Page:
Soil needs: Moist sandy loams or silty clays, tolerates alkaline soil; well-draining

Foliage: Deciduous

Mature size: 60-75 feet high, 40-50 feet wide

White Oak (Quercus alba)

Big Oak Tree
White Oak Tree
Photo Credit: Msact / Wikimedia Commons / CC BY-SA 3.0

Looking for a dramatic tree that will shade your garden bench and accentuate your landscape? The grand white oak tree can be a gorgeous centerpiece, growing to heights over 100 feet tall and showing off brilliant reddish-brown foliage in autumn. Its leaves are 4 to 8 inches long with 5 to 9 deep lobes. 

Not only does the white oak provide shade and grandeur, but it also provides a cozy space for curious wildlife. As the oak’s acorns fall to the ground, expect to see foraging squirrels, deer, and birds pass by your garden bench.  

Hardiness zones: 3-9

Sun exposure: Full sun to part shade

Soil needs: Clay, sandy, loamy, acidic; well-draining

Foliage: Deciduous

Mature size: 50-100+ feet tall, 50-80 feet wide

FAQ About Drought-Tolerant Trees

1. What is the Difference Between Drought-Tolerant and Drought-Resistant?

Drought-resistant plants can survive long periods without water, while drought-tolerant plants survive shorter periods with minimal water. In other words, drought-resistant plants are usually more resilient during a drought than drought-tolerant plants.  

When shopping for tree saplings at your local nursery, you may notice that some plants are labeled ‘drought-tolerant,’ while others are labeled ‘drought-resistant.’ Both terms are often used interchangeably, but they mean different things. 

2. How Much Water Does my Young Tree Need?

You won’t be able to enjoy your tree’s drought tolerance until it’s fully established. While it’s young and still growing, you’ll need to supply it with water. 

The University of Minnesota Extension offers excellent tips for watering young trees. Here’s what your watering schedule should look like: 

  • Water daily for one to two weeks after planting.
  • Water every two to three days for three to 12 weeks after planting. 
  • 12 weeks after planting, water once a week until the roots are established.  

How much water the tree sapling needs will largely depend on the tree species. However, the University of Minnesota Extension provides a good rule of thumb: 

Note: Tree trunk caliper can be measured to determine when the roots will establish in newly planted trees. For tree diameters up to 4 inches, measure the trunk’s diameter at 6 inches above the ground. For tree diameters over 4 inches, measure at 12 inches above the ground.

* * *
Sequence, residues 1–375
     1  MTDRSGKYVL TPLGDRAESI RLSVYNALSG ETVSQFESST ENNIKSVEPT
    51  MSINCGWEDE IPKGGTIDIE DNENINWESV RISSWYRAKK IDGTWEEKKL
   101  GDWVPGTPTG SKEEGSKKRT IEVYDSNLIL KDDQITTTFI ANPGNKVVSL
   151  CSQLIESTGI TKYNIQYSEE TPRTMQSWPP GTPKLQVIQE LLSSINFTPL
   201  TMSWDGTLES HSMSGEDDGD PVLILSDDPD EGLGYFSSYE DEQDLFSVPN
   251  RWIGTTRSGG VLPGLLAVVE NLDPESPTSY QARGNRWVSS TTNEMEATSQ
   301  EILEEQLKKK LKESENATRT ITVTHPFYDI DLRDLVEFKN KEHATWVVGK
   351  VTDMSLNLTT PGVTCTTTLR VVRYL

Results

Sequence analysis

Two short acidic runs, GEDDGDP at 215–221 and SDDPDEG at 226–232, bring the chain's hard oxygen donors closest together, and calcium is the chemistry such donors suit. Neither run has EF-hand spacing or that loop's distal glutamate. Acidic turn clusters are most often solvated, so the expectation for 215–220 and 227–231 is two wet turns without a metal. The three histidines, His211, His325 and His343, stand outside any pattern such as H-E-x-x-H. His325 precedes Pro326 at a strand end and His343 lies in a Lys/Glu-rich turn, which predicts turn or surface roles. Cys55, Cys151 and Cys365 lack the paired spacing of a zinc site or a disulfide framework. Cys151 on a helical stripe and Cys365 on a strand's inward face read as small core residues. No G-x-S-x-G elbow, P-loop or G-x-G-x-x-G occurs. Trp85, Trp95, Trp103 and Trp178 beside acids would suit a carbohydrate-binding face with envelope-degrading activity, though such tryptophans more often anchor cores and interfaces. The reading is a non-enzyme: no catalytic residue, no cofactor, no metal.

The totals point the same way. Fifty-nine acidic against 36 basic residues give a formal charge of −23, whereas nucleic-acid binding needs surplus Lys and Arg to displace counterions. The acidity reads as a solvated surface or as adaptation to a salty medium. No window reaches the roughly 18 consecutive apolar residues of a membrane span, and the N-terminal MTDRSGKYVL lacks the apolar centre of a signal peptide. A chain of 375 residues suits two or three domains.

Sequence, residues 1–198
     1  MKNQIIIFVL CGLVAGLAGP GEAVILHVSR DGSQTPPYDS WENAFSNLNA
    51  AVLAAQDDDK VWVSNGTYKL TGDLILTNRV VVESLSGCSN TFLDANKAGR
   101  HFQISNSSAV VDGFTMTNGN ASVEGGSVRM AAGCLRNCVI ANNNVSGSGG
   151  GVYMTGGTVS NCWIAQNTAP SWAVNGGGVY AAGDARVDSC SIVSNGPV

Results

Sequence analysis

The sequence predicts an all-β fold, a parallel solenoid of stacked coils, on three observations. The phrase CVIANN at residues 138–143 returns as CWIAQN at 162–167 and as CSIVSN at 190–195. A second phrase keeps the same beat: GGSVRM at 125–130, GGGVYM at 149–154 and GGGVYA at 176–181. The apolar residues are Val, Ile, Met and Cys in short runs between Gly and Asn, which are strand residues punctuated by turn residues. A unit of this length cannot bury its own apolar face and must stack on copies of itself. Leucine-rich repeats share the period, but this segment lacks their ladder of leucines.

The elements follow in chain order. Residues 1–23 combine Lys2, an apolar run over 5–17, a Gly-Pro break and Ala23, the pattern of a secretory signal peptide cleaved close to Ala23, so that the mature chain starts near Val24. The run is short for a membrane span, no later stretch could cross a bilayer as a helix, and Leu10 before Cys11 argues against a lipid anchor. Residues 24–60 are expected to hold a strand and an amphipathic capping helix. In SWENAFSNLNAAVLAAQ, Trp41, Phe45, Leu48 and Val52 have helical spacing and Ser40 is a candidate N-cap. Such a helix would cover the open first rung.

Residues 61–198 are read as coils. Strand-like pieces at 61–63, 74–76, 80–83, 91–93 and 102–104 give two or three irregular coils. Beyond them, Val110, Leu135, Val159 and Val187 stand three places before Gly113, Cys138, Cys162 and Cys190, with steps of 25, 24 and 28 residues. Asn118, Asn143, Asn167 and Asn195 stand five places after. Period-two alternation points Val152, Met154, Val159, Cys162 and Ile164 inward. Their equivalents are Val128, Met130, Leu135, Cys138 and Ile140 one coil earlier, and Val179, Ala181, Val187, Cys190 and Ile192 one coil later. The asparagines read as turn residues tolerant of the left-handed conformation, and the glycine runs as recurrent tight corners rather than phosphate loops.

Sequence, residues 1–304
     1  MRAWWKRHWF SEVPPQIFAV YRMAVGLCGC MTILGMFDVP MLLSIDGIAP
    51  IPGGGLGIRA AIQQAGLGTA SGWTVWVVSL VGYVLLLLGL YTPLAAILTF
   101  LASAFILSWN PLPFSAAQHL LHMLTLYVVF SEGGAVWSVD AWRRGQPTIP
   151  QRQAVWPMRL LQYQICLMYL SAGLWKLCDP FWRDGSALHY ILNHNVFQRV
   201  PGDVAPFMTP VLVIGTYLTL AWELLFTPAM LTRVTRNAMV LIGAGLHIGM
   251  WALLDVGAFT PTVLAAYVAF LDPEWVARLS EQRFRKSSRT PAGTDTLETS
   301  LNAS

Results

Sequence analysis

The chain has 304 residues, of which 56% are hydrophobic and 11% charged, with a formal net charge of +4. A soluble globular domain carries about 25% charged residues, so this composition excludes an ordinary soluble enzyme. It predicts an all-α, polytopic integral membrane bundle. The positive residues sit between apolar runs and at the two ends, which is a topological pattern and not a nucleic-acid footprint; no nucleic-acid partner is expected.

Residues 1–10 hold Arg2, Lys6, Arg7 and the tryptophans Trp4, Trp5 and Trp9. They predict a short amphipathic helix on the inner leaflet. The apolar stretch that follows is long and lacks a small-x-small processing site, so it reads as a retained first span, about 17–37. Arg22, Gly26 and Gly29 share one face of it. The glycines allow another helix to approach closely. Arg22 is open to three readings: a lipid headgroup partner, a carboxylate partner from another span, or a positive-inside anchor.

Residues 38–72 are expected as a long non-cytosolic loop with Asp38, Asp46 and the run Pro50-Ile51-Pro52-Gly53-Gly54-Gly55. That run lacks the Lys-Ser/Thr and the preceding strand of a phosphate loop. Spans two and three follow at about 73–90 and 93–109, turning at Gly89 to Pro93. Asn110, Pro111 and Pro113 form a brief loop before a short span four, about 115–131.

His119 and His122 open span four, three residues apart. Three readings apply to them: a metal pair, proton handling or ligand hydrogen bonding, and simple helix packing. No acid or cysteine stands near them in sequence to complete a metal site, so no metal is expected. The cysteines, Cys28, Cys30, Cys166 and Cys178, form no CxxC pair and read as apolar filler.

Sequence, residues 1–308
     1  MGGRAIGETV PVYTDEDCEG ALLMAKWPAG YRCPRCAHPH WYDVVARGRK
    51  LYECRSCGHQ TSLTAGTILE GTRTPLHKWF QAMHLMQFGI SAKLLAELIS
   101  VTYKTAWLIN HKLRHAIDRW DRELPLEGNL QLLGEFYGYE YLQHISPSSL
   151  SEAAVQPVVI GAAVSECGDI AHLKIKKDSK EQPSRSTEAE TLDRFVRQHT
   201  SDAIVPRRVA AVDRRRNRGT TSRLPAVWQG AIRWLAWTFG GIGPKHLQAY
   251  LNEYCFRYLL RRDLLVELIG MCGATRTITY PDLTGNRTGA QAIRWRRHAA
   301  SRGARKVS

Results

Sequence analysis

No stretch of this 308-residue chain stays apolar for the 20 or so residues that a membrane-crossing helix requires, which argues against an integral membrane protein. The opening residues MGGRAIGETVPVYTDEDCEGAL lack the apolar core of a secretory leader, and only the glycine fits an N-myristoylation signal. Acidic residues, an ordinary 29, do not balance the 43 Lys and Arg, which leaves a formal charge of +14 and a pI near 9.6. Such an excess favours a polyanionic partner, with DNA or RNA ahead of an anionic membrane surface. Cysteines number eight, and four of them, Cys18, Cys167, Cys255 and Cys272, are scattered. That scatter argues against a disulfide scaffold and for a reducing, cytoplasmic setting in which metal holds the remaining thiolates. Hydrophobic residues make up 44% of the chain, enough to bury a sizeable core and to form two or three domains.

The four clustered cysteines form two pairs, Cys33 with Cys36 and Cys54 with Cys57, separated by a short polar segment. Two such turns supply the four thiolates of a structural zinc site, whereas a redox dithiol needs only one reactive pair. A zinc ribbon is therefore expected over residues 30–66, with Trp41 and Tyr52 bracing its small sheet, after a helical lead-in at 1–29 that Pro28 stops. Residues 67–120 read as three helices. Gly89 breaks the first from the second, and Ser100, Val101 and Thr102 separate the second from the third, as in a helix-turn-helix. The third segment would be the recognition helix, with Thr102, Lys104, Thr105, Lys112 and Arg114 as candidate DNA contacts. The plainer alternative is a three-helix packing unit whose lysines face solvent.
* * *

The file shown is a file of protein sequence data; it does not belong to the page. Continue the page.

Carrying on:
Tree trunk caliperRoot establishment Gallons of water at each irrigation
1 inch1.5 years1-1.5 gallons
2 inches3 years2-3 gallons
3 inches4.5 years3-4.5 gallons
4 inches6 years4-6 gallons
5 inches7.5 years5-7.5 gallons
6 inches9 years6-9 gallons

3. What are Other Drought-Tolerant Trees?

This article’s ten trees aren’t the only trees that can withstand dry spells. Here are some more drought-tolerant trees to add to your landscape: 

  • Thornless honeylocust (Gleditsia triacanthos)
  • Ponderosa pine (Pinus ponderosa)
  • Pignut hickory (Carya glabra)
  • Sweetbay magnolia (Magnolia virginiana)
  • Eastern redcedar (Juniperus virginiana)
  • Staghorn sumac (Rhus typhina)

4. What are the Benefits of Drought-Tolerant Native Trees?

Native plants occur naturally in an area without human intervention. They’ve had years to adapt to the area’s climate, soil conditions, and rainfall without the need for chemical assistance from fertilizers and pesticides. 

When growing in their native area, plants develop deep root systems that allow them to be more drought-tolerant. In some cases, a non-native plant might not be as drought-tolerant as it would be in native soil because its root system won’t grow as deep. 

Hire a Pro for Safe Tree Care

There’s a lot to consider when planting a new tree in your yard. How will the tree look in the landscape once it’s matured? Will the tree become a safety hazard? Does the tree have enough room to grow? 

Get all your questions answered by hiring a local tree care expert who can plant and care for your new trees. And once the trees have fully established, turn to the pros for trimming, pruning, inspections, and all your tree care needs. 

Main Image Credit: Jim Morefield / Flickr/ CC BY-SA 2.0

Jane Purnell

Jane Purnell

Jane Purnell is an artist, writer, and nature lover. She enjoys teaching readers about the importance of eco-friendly lawn care, integrated pest management, biodiversity, and sustainable landscaping.